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Rural residents, ag community: We don’t want zoning

La Plata County must look for ways to fix land-use code
From left, La Plata County Manager Joanne Spina; commissioners Brad Blake, Gwen Lachelt and Julie Westendorff; and County Attorney Sheryl Rogers lead the La Plata County zoning hearing on Tuesday in the County Administration Building.

Rural residents and members of the agricultural community in La Plata County who came out in full force Tuesday spoke out against the prospect of county-wide zoning, which they say would take away their property rights and devalue their land.

For the past two years, La Plata County has sought to update its land-use code, which hasn’t been seriously overhauled since the 1980s. Part of that process is the potential of introducing zoning to the county, which it has historically lacked.

Over the past few months, La Plata County commissioners have held a series of work sessions aimed at breaking down the particulars of what a new land-use code would look like, including zoning.

On Tuesday, the county held a work session that allowed public comment on zoning, which drew more than 100 people.

The La Plata County zoning hearing was attended by more than 100 people Tuesday in the County Administration Building.

The resounding theme, in large part driven by rural residents and members of the agricultural community, was that zoning limits what property owners can do with their land, and in this respect, it devalues the property.

“Zoning makes La Plata County the county of ‘no,’” said resident Naomi Reiss. “We need to become the county of ‘yes.’”

“Zoning does not create shovel-ready land,” she continued, “it just creates restrictions for owners.”

La Plata County is one of four counties in the state of Colorado, which has 64 counties, that doesn’t have zoning.

Mae Morley, a rancher in western La Plata County, said she needs to have flexibility and options for what her family can do with their property. She feared zoning would pigeonhole those options.

“That’s really, really important for us,” she said. “Zoning … could be a disaster for our district (Fort Lewis Mesa) and for most places in the county.”

Cheryl Stevens, who also lives in western La Plata County, said she doesn’t want restrictions on her land. She said she wants to pass the land to her children, who likely will need to have a range of options for its use.

“It takes choices away, it takes our rights away,” she said. “I don’t see why we should be restricted in any way … this is about our way of life.”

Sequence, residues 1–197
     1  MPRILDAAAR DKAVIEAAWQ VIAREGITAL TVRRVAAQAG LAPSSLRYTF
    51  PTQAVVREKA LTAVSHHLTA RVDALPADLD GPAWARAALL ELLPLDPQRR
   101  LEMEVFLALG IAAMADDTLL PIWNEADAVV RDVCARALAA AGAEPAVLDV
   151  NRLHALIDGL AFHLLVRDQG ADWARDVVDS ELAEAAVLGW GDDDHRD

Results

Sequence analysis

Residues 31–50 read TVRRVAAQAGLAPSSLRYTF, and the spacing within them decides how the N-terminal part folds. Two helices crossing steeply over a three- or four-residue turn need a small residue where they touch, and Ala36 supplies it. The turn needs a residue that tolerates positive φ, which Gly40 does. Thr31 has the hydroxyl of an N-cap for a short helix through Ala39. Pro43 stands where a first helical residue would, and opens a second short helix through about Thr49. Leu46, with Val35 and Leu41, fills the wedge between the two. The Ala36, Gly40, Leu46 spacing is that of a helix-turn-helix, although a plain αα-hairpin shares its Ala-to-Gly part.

County commissioners and staff, and even most members of the public in attendance, agreed that the county’s current land-use code and process for new development is broken.

As it stands, there is no predictability for developers or landowners on what uses are allowable for a specific property. Instead, a project idea must be submitted and go through a lengthy and expensive process to find out if it is viable.

Roger Zalneraitis, executive director of the La Plata County Economic Development Alliance, said lack of zoning, in part, is one of the reasons businesses are unable to grow or move into the county.

“The lack of zoning is clearly affecting the decisions primary employers are making about whether to grow, stay or move here,” he said. “If we want better jobs, more economic diversity, and a broader tax base, we need, among other things, more zoning in this county. The status quo is not working.”

Jim Belcher, who lives out on Florida Mesa, was one of the few residents in attendance who spoke out in favor of zoning.

“The consequence of no zoning is piecemeal development and further strain on the resources of the county,” he said. “No property owner has an absolute right to do with their property as they see fit without considering longer implications ... of unregulated development. No one lives in a vacuum.”

Most of the pushback on zoning has come from the rural parts of the county. In an attempt to address these concerns, the planning department proposed an “Ag-plus” designation with various allowed uses on those lands.

But still, many felt any restrictions were too many restrictions.

“Restrictions from Ag-plus are extremely restrictive to our way of life,” Stevens said. “I want my girls to come back to this county where they were raised to do what they want to do in ag.”


La Plata County commissioners said that zoning might not make sense in all parts of the county, and they directed planning staff to make drafts of a map to see where development pressures are hitting the hardest.

“Especially in ag, they don’t want to be zoned,” said Commissioner Julie Westendorff. “But I think we can figure out something that works for our community.”

A continued discussion of zoning, along with the presentation of a draft map, is expected Wednesday at the commissioners’ board discussion time.


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